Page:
How To Find Used Cranes

You'll find a wide range of used cranes online.  Bookmark a few sites (see links) and keep your eye on the inventory.  Just looking at what's available day by day will give you a good sense of what the market is for used cranes, and the particular crane you're interested in. 

  1. Assess your needs first.  Once you start looking, you're going to see some bells and whistles that will seem like you can't do without.  Before you look at any used cranes, figure out exactly what qualities you do -- and don't -- need in your used crane.

  • Establish a budget.  Although at first you'll want to look around so as to understand the market for used cranes, establish a budget early on and keep that budget number in the back of your mind so as to prevent heartache later. 
  • Get the specs.  Fortunately online sites for used cranes tend to have fairly detailed information.  You'll want to know the model of the used crane, how old the used crane is and approximately how many hours it has worked.
  • Find out what's new.  Let's face it.  A used crane has been around the construction yard a few times.  But that doesn't mean that once some important parts are replaced, it can't work like new.  You can expect that certain parts will have been replaced -- find out which ones.
  • Get the paperwork.  Find out how many miles have been driven on the new parts, and ask for the paperwork.  Ask about the crane's maintenance history and the records to back it up.  The more your seller can verify with paperwork, the more assured you'll be that the crane is in good working order.  A savvy seller knows you'll want paperwork and will have his ready to send.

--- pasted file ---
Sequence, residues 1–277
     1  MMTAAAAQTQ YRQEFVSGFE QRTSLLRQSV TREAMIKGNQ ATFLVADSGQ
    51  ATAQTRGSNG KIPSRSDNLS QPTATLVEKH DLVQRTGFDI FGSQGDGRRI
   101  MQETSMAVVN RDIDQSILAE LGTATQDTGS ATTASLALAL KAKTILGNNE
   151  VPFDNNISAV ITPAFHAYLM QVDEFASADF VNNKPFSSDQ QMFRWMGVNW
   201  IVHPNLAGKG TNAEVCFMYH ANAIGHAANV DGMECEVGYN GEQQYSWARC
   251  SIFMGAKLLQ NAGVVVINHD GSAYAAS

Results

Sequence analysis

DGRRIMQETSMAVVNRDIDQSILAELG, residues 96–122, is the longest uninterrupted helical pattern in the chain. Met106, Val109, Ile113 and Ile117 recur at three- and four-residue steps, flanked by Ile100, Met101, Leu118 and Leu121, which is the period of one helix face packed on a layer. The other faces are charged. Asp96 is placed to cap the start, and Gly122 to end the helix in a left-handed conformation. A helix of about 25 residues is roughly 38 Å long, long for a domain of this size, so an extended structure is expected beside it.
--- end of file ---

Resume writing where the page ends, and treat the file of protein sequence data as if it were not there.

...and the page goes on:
• Assess the seller.  Does the seller provide several different photographs of the crane or does it seem strategically positioned to hide one aspect?  Here you're not only getting a sense of how well the crane has been cared for but of how straightforward your seller is.  You might end up saving yourself hours of follow-through if you can sense early on that the seller is less than 100% honest.  Asses the integrity of your seller -- along with that of the used crane -- from your very first contact.
  • Get references.  If the seller has sold used equipment before, get the names and numbers of the buyers.  If the seller hasn't sold a piece of equipment before, ask for references of people that he performed work for or worked with.  By talking with them, you can get a sense of what they think of your seller and how the piece of equipment you are interested in was used and cared for.  Don't be shy about asking for references.  This is a major purchase and you deserve more than a cybershake to go on.
  • Hire a mechanic.  If you've gotten this far, your final step will be to take a look at the used crane in person.  Only then will you be able to do the close-up examination that the purchase of a used crane requires.  It's worth setting up an appointment with a mechanic in the area who can help you assess the following items:
    • Seals and bearings
    • Engine
    • Battery
    • Coolant
    • Lubricants
    • Oil
    • Clutch
    • Air filters
    • Hydraulic systems
    • Steering
    • Exhaust
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